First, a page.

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« Reply #35 on: November 27, 2016, 04:51:11 PM »

Regarding the maturation of rock music lyrics in '65...that mostly happened in the second half of the year, after the release of "California Girls". Sure, "Ticket To Ride" and "Mr. Tambourine Man" had (just barely in the latter case) topped the charts by that point in the year, but they were exceptions. "Satisfaction" had just come out the month before, by which time "California Girls" had already been recorded. Lennon had shown keen wit with introspective songs such as "There's A Place" going all the way back to '63, and "I'm A Loser" in late '64, but those weren't single A-Sides. To their credit, Brian and Gary Usher had shown such introspection on "In My Room" in '63...and the Brian-Mike musical-lyrical team had also shown it, on "The Warmth Of The Sun", in very early '64. My point? Introspective-sounding music calls for introspective lyrics. Happy, buoyant music (like the main body of "California Girls") calls for happy, buoyant lyrics, and that's what we got.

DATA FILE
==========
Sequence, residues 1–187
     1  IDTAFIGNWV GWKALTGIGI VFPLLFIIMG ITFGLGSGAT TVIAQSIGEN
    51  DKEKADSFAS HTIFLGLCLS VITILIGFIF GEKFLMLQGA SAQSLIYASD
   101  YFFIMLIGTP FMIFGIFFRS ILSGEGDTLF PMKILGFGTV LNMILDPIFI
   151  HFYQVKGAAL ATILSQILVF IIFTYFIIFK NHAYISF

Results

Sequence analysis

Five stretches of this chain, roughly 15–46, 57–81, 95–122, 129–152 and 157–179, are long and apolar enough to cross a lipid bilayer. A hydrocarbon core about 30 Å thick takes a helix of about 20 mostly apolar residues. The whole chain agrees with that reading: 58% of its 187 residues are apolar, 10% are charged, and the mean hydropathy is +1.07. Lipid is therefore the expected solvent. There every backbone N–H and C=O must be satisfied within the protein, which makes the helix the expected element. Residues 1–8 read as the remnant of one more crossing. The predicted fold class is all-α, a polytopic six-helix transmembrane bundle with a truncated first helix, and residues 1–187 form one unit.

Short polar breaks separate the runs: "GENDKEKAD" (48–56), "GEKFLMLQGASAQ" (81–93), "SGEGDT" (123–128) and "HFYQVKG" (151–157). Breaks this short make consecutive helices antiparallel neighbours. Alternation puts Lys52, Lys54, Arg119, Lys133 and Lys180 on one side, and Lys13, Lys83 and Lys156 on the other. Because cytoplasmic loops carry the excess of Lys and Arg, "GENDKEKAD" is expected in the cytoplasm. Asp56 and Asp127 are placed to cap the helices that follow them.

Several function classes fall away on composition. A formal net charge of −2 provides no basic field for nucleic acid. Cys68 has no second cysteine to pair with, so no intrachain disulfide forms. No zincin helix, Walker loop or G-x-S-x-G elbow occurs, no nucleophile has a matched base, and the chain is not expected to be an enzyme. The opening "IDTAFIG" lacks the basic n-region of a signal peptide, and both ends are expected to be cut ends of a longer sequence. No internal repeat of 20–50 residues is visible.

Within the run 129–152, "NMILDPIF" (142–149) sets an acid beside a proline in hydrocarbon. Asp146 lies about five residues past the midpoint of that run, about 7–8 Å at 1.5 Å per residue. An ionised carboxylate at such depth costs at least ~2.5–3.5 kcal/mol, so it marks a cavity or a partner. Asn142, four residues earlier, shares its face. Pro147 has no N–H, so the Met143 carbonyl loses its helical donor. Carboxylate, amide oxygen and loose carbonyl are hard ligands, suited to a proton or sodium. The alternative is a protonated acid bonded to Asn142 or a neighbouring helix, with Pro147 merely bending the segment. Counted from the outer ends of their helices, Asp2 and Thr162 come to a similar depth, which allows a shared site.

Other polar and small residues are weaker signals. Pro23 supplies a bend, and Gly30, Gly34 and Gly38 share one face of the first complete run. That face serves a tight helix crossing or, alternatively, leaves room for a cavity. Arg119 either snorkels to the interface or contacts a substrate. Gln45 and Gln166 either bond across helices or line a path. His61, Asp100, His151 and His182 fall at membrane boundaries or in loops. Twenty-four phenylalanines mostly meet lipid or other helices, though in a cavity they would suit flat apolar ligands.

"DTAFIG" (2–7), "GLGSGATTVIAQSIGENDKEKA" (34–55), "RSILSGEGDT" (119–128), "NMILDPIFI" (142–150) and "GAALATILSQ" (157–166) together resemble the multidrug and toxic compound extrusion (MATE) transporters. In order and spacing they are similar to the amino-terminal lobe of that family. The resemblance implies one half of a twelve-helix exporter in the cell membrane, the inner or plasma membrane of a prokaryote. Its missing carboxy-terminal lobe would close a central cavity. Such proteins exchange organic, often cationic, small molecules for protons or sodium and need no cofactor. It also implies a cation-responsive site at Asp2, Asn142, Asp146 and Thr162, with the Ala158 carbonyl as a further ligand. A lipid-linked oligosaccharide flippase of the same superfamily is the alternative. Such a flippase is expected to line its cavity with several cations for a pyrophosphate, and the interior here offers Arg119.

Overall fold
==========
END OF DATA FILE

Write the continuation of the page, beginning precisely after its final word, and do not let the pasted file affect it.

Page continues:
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« Reply #36 on: November 27, 2016, 04:59:33 PM »


Anyhoo.... I was the one who brought up You've Got To Hide Your Love Away. I picked that song off the top of my head because it's on Rubber Soul...

No, it's not. Smiley It's on Help!  Smiley

Oops, my mistake. I used to know all this stuff. Still 1965, though.  Smiley
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« Reply #37 on: November 27, 2016, 05:01:37 PM »


Anyhoo.... I was the one who brought up You've Got To Hide Your Love Away. I picked that song off the top of my head because it's on Rubber Soul...

No, it's not. Smiley It's on Help!  Smiley

Oops, my mistake. I used to know all this stuff. Still 1965, though.  Smiley

Rubber Soul is just Help, part 2 anyways.  Wink

(or is Rubber Soul really Revolver, part 1?) Shocked
« Last Edit: November 27, 2016, 05:02:38 PM by pixletwin » Logged
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« Reply #38 on: November 27, 2016, 05:24:45 PM »